Most recently as Associate Professor and Director of Engineering Programs at Philadelphia University, Dr. Traum led the Mechanical Engineering Program through a successful ABET interim visit resulting in no deficiencies, weaknesses, or concerns.

Previously, Dr. Traum was an assistant professor at the Milwaukee School of Engineering (MSOE), one of the top-ten undergraduate-serving engineering universities in the U.S. Dr. Traum coordinated MSOE's first crowd-funded senior design project. He also co-founded with students EASENET, a start-up renewable energy company to commercialize waste-to-energy biomass processors.

Dr. Traum began his academic career as a founding faculty member in the Mechanical & Energy Engineering Department at the University of North Texas - Denton where he established a successful, externally-funded researcher incubator that trained undergraduates to perform experimental research and encouraged matriculation to graduate school.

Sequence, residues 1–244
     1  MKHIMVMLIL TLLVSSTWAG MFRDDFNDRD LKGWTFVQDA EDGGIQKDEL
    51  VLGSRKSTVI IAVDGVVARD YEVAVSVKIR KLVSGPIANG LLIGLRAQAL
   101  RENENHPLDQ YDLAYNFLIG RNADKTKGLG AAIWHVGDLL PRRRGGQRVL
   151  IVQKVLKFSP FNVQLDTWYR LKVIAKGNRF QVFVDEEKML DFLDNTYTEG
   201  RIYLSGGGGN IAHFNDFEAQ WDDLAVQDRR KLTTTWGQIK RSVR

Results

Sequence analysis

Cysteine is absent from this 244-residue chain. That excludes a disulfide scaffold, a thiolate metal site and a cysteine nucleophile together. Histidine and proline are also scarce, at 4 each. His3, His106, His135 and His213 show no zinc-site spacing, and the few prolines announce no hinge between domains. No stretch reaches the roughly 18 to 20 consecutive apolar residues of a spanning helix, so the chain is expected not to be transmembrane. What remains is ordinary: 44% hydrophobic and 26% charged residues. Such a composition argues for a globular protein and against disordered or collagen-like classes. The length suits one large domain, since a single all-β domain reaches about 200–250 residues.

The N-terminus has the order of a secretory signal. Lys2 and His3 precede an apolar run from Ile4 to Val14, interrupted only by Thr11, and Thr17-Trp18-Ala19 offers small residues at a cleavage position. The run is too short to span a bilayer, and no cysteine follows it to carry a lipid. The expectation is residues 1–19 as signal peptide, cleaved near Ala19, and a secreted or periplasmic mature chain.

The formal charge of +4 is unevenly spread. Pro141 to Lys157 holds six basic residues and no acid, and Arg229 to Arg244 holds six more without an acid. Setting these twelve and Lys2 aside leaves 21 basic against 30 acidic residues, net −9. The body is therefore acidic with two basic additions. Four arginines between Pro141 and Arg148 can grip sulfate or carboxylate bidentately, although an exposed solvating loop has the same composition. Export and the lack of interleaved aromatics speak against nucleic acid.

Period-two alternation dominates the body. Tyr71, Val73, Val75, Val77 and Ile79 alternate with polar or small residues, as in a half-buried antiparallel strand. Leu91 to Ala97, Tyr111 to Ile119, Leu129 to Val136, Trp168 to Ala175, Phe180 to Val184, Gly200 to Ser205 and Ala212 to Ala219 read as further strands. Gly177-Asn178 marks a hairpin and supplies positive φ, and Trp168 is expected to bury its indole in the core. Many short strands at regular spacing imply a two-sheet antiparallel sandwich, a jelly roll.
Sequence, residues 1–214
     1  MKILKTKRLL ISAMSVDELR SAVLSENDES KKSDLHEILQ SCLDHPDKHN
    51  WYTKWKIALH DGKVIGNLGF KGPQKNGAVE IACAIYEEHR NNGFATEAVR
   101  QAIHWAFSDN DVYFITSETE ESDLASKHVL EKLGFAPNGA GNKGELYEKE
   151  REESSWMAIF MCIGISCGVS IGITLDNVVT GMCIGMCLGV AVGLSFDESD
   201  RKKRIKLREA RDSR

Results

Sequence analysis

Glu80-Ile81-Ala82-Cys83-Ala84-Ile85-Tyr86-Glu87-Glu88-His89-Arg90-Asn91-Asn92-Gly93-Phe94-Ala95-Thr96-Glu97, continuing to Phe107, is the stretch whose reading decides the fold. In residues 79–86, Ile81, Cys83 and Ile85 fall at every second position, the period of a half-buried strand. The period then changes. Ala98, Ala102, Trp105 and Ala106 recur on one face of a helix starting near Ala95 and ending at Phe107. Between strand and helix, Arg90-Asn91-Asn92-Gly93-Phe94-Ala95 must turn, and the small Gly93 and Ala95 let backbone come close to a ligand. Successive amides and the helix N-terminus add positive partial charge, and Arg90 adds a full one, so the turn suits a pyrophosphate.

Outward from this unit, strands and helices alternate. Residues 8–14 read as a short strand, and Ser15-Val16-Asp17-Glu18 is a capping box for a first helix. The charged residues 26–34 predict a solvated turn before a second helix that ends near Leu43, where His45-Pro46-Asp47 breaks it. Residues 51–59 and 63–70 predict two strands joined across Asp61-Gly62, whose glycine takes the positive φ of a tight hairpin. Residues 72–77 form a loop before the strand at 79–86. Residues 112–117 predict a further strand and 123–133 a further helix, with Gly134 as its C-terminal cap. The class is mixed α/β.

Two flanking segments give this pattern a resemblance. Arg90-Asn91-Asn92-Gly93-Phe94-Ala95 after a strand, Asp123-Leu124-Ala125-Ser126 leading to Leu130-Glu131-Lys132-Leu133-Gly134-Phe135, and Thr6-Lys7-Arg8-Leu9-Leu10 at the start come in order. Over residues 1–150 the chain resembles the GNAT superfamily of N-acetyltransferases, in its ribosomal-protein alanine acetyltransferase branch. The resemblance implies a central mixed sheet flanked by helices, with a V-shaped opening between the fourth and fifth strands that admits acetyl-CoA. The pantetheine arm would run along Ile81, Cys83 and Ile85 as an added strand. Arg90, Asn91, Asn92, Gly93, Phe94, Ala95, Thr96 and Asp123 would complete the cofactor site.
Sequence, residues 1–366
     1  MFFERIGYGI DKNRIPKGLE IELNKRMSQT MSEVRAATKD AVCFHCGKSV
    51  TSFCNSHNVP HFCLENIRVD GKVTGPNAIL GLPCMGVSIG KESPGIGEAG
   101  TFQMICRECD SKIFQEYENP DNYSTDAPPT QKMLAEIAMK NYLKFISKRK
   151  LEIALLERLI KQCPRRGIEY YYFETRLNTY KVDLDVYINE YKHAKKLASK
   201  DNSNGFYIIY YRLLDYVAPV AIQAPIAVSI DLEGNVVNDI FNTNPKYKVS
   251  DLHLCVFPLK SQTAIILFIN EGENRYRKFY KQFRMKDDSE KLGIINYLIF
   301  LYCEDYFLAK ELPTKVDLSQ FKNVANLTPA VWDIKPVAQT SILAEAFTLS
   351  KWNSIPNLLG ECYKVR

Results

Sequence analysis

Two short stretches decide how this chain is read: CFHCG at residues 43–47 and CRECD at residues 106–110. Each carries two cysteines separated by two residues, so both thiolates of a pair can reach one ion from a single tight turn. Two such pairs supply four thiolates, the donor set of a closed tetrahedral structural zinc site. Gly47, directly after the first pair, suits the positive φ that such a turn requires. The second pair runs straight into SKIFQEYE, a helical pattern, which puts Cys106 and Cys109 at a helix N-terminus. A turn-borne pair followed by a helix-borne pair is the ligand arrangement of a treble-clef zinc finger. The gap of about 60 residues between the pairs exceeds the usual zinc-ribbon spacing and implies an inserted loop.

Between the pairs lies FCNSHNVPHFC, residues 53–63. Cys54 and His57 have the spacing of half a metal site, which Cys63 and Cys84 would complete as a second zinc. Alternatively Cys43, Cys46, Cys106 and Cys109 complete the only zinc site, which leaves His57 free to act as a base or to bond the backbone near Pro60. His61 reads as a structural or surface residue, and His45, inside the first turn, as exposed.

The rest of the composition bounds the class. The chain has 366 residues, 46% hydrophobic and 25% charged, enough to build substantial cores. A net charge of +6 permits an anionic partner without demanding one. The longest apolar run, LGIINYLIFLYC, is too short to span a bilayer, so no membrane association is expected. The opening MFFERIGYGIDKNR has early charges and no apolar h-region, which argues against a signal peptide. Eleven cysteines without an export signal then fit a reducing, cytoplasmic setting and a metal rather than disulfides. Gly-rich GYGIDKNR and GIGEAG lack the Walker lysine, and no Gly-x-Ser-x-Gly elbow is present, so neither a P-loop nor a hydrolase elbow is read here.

Traum received a Ph.D. in mechanical engineering from the Massachusetts Institute of Technology where he held a research assistantship at MIT’s Institute for Soldier Nanotechnologies. At MIT he invented a new nano-enabled garment to provide simultaneous ballistic and thermal protection to infantry soldiers. Dr. Traum also holds a master’s degree in mechanical engineering from MIT with a focus on cryogenics and two bachelor’s degrees from the University of California, Irvine: one in mechanical engineering and the second in aerospace engineering. In addition, he attended the University of Bristol, UK as a non-matriculating visiting scholar where he completed an M.Eng thesis in the Department of Aerospace Engineering on low-speed rotorcraft control.